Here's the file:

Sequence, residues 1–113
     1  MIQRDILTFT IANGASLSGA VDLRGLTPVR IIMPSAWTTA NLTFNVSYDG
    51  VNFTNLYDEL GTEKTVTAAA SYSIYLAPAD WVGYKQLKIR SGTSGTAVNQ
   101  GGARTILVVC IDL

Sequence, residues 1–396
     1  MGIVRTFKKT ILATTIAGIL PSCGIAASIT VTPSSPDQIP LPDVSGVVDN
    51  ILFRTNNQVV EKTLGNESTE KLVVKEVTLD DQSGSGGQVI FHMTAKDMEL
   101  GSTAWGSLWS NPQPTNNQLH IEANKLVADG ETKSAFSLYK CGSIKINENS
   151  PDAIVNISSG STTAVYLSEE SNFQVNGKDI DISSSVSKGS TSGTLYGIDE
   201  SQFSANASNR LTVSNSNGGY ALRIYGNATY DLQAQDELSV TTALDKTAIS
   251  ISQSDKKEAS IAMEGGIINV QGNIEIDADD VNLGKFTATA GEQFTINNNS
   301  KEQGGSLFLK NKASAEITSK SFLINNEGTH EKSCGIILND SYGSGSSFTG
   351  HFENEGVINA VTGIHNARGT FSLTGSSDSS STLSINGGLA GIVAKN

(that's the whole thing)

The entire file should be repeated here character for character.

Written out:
Sequence, residues 1–113
     1  MIQRDILTFT IANGASLSGA VDLRGLTPVR IIMPSAWTTA NLTFNVSYDG
    51  VNFTNLYDEL GTEKTVTAAA SYSIYLAPAD WVGYKQLKIR SGTSGTAVNQ
   101  GGARTILVVC IDL

Sequence, residues 1–396
     1  MGIVRTFKKT ILATTIAGIL PSCGIAASIT VTPSSPDQIP LPDVSGVVDN
    51  ILFRTNNQVV EKTLGNESTE KLVVKEVTLD DQSGSGGQVI FHMTAKDMEL
   101  GSTAWGSLWS NPQPTNNQLH IEANKLVADG ETKSAFSLYK CGSIKINENS
   151  PDAIVNISSG STTAVYLSEE SNFQVNGKDI DISSSVSKGS TSGTLYGIDE
   201  SQFSANASNR LTVSNSNGGY ALRIYGNATY DLQAQDELSV TTALDKTAIS
   251  ISQSDKKEAS IAMEGGIINV QGNIEIDADD VNLGKFTATA GEQFTINNNS
   301  KEQGGSLFLK NKASAEITSK SFLINNEGTH EKSCGIILND SYGSGSSFTG
   351  HFENEGVINA VTGIHNARGT FSLTGSSDSS STLSINGGLA GIVAKN